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Paradise of the Fathers 1

Desert father & Mothers

I’m really pleased to announce that Paradise of the Fathers, translated by Wallis Budge, is now available for purchase. I received the print run yesterday and the book looks really nice.

It is in my mind a really exciting book. Few people realise just how important the desert solitaries of 3rd & 4th century Egypt were in transmitting the wisdom teachings of the ancient world into the new world order. Indeed, their story has never been fully told and consequently they now exist in the fabulous land of myth and legend. Yet their story is undoubtedly fabulous and interesting and we in the 21st century will never understand the emergence of Christianity without knowing something about them.

In the early years of the fourth century, which are generally accepted as the embryonic years of Christian monasticism, individual Christian ascetics migrated into the desert wilderness of Egypt to engage in a solitary life of spiritual discipline. Their extraordinary way of life became an inspiration to great numbers of Christians who, following their example, withdrew from the secular world and entered the desert wilderness. Why this migration took place, how such Christians were perceived and why so many over so many years followed the way of the solitary ascetic are issues too complex to be studied here. Nevertheless, we should reflect upon how in the preceding centuries the persecution of Christians throughout the Roman Empire had become ever more frequent and violent, culminating in the ‘Great Persecution’ instituted by the Emperor Diocletian in the year 303. It was to last for more than eight years, during which time thousands of Christians were killed and many more abused in the most terrible of ways, and it is reasonable to assume that during those years many Christians fled into the wilderness to lead a spiritual way of life free from oppression. The ‘Great Persecution’ finally came to an end when Constantine became emperor in the year 312.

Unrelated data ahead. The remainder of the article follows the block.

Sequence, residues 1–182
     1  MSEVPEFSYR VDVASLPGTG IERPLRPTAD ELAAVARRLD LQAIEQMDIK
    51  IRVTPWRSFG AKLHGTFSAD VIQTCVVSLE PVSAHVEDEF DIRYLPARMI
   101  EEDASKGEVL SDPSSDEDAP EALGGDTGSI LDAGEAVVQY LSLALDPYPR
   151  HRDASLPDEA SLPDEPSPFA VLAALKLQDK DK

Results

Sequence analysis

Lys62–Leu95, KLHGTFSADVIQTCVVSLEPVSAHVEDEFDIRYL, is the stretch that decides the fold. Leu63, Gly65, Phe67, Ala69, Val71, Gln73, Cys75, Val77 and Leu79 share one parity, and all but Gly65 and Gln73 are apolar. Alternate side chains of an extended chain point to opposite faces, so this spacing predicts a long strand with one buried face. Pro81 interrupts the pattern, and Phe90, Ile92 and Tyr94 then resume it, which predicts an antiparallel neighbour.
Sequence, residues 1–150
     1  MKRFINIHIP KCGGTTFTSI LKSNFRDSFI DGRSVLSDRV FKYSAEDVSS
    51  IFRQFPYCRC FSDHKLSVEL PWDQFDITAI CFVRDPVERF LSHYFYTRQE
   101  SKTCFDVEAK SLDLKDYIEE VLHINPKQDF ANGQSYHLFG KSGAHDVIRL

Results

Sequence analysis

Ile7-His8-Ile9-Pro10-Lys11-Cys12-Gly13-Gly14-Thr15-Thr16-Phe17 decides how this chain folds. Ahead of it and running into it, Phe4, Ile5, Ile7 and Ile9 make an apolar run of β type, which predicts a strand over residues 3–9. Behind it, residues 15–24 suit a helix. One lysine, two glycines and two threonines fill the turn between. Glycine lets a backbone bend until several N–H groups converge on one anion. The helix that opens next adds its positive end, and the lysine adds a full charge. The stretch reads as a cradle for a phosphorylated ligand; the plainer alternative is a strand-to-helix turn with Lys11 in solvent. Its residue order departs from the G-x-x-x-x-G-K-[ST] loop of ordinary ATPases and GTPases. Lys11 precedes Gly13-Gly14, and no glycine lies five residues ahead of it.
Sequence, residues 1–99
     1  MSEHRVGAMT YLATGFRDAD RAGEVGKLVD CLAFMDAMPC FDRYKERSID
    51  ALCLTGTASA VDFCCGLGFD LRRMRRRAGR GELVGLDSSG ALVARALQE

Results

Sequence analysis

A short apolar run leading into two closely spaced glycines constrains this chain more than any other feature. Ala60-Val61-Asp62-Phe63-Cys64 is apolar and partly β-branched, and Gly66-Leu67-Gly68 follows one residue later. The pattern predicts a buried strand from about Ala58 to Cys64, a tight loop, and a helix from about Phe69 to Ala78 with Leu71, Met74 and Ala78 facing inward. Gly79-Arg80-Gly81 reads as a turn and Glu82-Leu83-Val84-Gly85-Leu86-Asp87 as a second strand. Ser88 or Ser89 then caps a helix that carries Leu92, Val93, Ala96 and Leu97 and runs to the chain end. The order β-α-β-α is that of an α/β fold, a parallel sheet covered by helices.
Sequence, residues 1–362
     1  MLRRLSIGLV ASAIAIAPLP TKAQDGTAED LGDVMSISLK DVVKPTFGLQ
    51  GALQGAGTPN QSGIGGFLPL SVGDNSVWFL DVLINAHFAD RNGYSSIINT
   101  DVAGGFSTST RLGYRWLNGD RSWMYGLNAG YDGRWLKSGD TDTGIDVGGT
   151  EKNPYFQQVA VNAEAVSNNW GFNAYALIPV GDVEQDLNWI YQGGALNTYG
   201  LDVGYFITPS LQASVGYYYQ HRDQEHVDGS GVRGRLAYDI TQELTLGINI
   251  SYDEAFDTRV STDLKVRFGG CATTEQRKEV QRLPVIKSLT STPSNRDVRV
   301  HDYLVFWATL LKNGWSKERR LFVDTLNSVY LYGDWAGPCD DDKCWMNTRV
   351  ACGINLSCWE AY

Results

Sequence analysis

The word monk was not then a commonplace name as it is today. Initially, the term monk (monakhos) was used specifically to describe a man living a spiritual life in solitude. Other terms were also used to describe these solitary ascetics, such as the word hermit or eremite (from the Greek eremos, denoting an inhabitant of a desert). They were also called anchorites (from anachoréo, I withdraw). Eremites or anchorites were predominantly men who withdrew from the company of other people to dwell alone in isolation, but as the fourth century progressed many inspired Christians of both sexes began forming religious communities in the Egyptian desert. These communities were called coenobia, a term derived from the Greek word koinobion indicating a shared or common life. Their members were known as coenobites, but as time passed they were also called monks.

My next publication is probably going to be the second volume of Tales of Brother Marcus. It is proving to be an interesting journey, an allegorical tale of significance, perhaps. I’ll keep you posted on that.

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